Take the 2-minute tour ×
Stack Overflow is a question and answer site for professional and enthusiast programmers. It's 100% free, no registration required.

I have a Relying Party and a provider running with DotNetOpenAuth. The issue is that when the provider has not been accessed in a while it is unloaded from IIS to conserve memory (which is normally a good thing). However, in this case it causes the Relying Party to throw the "No OpenID endpoint found" exception.

I know that IIS can be configured to never unload an application, but that is not an option in this case.

Is there a way to increase the timeout on the relying party to let it wait until the provider "wakes up" and not throw the No OpenId Endpoint Found exception?.

I thought I had it with the "maxAuthenticationTime" property, but I guess this is really a setting for how many minutes in total the authentication round trip should be allowed to take.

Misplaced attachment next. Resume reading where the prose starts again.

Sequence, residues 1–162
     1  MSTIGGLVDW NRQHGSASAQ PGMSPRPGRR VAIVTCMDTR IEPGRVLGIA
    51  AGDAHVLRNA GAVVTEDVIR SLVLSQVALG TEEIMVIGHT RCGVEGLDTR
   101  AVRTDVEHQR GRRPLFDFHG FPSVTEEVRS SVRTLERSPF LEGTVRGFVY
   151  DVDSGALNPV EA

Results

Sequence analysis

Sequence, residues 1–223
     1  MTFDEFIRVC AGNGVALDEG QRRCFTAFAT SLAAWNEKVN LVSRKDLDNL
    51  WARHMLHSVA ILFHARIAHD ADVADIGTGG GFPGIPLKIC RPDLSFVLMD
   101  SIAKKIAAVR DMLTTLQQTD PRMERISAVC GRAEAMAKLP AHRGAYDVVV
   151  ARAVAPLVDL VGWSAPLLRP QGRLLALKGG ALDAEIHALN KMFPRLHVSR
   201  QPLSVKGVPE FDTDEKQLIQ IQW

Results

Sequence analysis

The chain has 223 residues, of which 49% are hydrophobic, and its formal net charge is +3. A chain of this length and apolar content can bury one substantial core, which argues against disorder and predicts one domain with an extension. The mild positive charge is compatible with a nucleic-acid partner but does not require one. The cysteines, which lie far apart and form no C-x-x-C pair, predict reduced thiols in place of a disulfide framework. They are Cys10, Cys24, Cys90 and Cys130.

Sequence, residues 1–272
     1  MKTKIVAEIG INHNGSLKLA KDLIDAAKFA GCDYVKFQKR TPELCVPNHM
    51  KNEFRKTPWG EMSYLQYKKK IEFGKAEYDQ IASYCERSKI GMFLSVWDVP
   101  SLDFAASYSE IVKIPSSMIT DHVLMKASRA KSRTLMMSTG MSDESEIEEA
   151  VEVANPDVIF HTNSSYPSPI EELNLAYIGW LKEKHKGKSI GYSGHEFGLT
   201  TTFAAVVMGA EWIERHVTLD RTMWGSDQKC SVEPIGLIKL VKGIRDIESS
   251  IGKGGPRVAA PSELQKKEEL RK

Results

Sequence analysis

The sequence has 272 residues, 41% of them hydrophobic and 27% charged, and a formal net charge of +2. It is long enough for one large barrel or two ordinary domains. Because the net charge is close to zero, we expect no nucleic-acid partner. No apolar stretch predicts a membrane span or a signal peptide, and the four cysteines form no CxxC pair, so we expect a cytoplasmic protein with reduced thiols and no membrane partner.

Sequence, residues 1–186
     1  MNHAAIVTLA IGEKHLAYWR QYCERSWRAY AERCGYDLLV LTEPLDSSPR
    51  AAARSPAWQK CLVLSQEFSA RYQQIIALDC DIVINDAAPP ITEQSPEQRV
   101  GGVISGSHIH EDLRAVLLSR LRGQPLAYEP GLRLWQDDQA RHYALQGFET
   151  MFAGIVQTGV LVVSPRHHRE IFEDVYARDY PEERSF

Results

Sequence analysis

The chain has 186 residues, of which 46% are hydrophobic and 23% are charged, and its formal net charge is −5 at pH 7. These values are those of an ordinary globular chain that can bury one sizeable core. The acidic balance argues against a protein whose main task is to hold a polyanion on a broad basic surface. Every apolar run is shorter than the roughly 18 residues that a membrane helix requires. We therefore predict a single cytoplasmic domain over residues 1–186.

Thanks.

share|improve this question

1 Answer 1

up vote 3 down vote accepted

Yes, these timeouts can be configured via your web.config file. Below is a snippet, with the defaults which you can raise:

   <messaging>
        <untrustedWebRequest
            timeout="00:00:10"
            readWriteTimeout="00:00:01.500"

Full configuration options are documented.

share|improve this answer
    
Ahh, ok, thanks. That looks like it should do it, I hope. Is there any place that actually describes what each of the keys does? Just by looking at it I would have assumed that this timeout only applies to requests that result in the "This relying party is not trusted" warning on the confirm.aspx page (something like that I don't remember the exact error) because this is where all the whitelist/blacklist stuff goes too. But I guess not, this applies to all requests, or maybe "unauthenticated requests"? –  FirstDivision Oct 31 '11 at 14:18
    
It applies to all requests. You get Intellisense in VS for these settings if you copy the .xsd that is included in DNOA's .zip file to the appropriate place, per the readme file. –  Andrew Arnott Nov 3 '11 at 4:01

Your Answer

 
discard

By posting your answer, you agree to the privacy policy and terms of service.

Not the answer you're looking for? Browse other questions tagged or ask your own question.